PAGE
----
FAMILY: Wife, Jeanne; daughter, Jillian Harris; son, Trevor; granddaughter, Margaux Harris.
Candidate statement by Mike Lair
I ran for the Missouri House of Representatives in 2008 to reaffirm what I had taught in social studies classes for years. Public service is a high calling and should be a citizen's way of repaying all of the blessings that we as Americans enjoy. My work ethic and common sense were built on a work history of over fifty years and were put to use every day in the House. My special expertise is in education; I am the Education Appropriations Committee Chairman and the Joint House/Senate Education Committee Vice-chairman. My other committee work has been on Retirement that oversees all public retirement systems, Budget, Rules, and Judicial Reform. I am a fiscal conservative who believes that government needs to learn to live within its means, and part of the task of state government is to protect its citizens from unfair federal intrusion. I am Pro-Life. I have been endorsed by the NRA, National Federation of Independent Business, Missouri Chamber of Commerce and Industry, twice received Missouri Farm Bureau's Friend of Agriculture Award, and Freshman Legislator of the Year recognition from the Speaker of the House for my work in education. I am a member of St. Columban Roman Catholic Church, Missouri Farm Bureau, Chillicothe Area Chamber of Commerce, DU, Life-NRA, and NRA-Institute for Legislative Action. I take my oath of office to uphold and defend the Constitutions of the United States and Missouri literally. I am having the time of my life… I love it.
Government: At what point does state government become too big for sound fiscal management?
When state government begins to inhibit personal and businesses choices by its taxation, it is too big. There is no magic number of state employees or amount of general revenue that I can point to and say it is too big; but I can identify Illinois and California as examples of states that have been fiscally irresponsible. These states, as well as others, succumb to the boom and bust fiscal policy - they expand state government during years of plenty and try to shrink it during tough economic years. State government needs to provide for transportation infrastructure, domestic tranquility, public education, and a reasonable amount of oversight; anything beyond that fits into the realm of big government. We in Missouri are lucky, because constitutionally, we cannot spend more than we bring in by taxation – we must pass a balanced budget.
Size of Government: Are there areas of state government that should be trimmed? Are there areas of state government that should be expanded? Please explain your answers.
There are three branches of state government - the executive, the judicial, and the legislative. The judicial and legislative cut their total budgets significantly during the current fiscal crisis. The judiciary voluntarily cut their own budget request this year; we in the House cut our office budgets by 12 percent, and refused raises that were suggested by the Governor's commission. By far the largest branch is the executive; within this branch, there are some departments that shrunk by as much as 15 percent. MoDOT took the lead by closing less essential facilities and cutting their workforce by attrition. Government agencies and programs have a natural tendency to expand without any expansion in services. Ronald Reagan said the closest thing to eternal life on earth is a government program. We need to cull unnecessary programs and fight expansion and waste. We are a limited government and less is better.
Economic Development: What is the best way to attract and retain business, and how would you propose accomplishing this goal?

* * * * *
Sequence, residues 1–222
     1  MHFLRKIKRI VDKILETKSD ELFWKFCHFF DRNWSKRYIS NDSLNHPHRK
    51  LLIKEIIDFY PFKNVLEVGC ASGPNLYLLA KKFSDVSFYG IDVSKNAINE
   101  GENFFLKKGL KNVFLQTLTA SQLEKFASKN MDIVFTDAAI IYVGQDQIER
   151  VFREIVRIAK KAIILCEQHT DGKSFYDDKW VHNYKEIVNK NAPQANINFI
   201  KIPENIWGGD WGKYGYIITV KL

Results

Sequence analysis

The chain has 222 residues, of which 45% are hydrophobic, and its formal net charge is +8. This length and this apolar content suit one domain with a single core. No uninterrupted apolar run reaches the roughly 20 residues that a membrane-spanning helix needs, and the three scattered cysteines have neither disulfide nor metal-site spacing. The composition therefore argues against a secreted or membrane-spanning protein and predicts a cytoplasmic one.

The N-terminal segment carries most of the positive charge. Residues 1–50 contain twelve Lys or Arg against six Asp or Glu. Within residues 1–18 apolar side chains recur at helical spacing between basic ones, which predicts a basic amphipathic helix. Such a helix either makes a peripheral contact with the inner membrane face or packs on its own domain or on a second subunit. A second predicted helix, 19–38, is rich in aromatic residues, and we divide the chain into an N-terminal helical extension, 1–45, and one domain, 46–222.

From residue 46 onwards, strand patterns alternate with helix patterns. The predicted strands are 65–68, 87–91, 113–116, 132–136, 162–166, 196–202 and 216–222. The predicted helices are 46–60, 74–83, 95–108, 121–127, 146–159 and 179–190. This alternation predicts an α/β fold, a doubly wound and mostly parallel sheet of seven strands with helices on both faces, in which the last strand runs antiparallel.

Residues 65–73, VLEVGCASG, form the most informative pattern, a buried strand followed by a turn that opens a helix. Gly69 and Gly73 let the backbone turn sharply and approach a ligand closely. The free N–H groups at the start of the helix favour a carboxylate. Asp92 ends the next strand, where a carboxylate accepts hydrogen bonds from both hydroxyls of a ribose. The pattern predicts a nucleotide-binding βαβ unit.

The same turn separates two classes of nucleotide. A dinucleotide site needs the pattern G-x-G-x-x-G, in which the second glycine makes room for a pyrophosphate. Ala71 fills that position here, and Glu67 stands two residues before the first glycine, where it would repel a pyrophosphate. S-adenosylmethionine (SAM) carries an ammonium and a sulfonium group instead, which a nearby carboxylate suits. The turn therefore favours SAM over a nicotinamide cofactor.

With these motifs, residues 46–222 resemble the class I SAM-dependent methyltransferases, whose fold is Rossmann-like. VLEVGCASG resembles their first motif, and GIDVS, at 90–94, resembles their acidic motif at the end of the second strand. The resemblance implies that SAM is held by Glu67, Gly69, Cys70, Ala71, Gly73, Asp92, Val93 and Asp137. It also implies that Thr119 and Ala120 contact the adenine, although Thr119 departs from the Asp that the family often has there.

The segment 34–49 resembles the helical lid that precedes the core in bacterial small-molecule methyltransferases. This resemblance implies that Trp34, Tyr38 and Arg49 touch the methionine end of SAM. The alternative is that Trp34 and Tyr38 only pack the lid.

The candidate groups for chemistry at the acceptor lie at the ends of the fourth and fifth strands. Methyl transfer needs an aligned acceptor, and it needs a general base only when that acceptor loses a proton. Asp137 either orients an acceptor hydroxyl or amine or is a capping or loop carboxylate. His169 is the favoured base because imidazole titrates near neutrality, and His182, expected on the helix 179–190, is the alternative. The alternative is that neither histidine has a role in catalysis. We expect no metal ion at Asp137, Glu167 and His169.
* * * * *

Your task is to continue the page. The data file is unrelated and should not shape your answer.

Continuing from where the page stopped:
We must look to the long term… not the quick fix. We must create a "business-friendly environment" in our state. To do that, we must cut government interference to the absolute minimum. We passed three bills that will go into law next January that will require regular review of regulatory rules, many of which have outlasted their express purpose. As a result, large and small businesses will benefit with reduced governmental red tape. We need to be certain that our tax structure does not discourage ownership and expansion. Our education system must supply a skill-ready workforce that can attract perspective employers — GRTS and NCMC are striving toward that goal. As with many facets of the economy, the best thing government can do is get out of the way and let the American entrepreneurial knowhow and spirit do what it does best – create wealth and jobs.
Education: Do you feel changes need to be made to the way education is funded? Please explain your response.
We are mandated by the Missouri Constitution to spend at least twenty-five percent of state funds on education. We spend well over thirty percent. For K-12 schools, the Department of Elementary and Secondary Education distributes funds to the 522 school districts, according to the Foundation Formula. The formula is skewed toward the urban schools. St. Louis and Kansas City spend almost twice as much per student as we do in rural Missouri, and both of those districts are currently unaccredited by DESE. The rural work ethic of our teachers and administrators must be commended, but with costs always rising, we must find methods of reconfiguring the formula to be consistently fair to ALL Missouri students. The Joint House/Senate Education Committee, upon which I serve as vice-chair, will begin work on a new K-12 formula after our Higher Education Formula recommendation goes to the General Assembly in January.
Small Business: Is there any legislation that should be passed or repealed to promote a more favorable small business climate?
The attention of the Legislature for the past several years has been on small businesses, as they are the true job-generators in our state's economy. Tax structure, removal of unnecessary government intrusion (red tape), and a work-ready and educated work force will create the environment small businesses need to succeed.
We have tried for two sessions to reform workers' compensation laws, second-injury fund disbursement, true reform to the tax credit system, and small business incubators that are located in St. Louis, Kansas City, St. Joseph, and the University of Missouri-Columbia. The workers' compensation and the second-injury legislation have died in the Senate and by the Governor's veto pen. The incubators were partially funded last year, and should begin paying dividends soon. A complete overhaul of tax credits is the focus of an interim committee.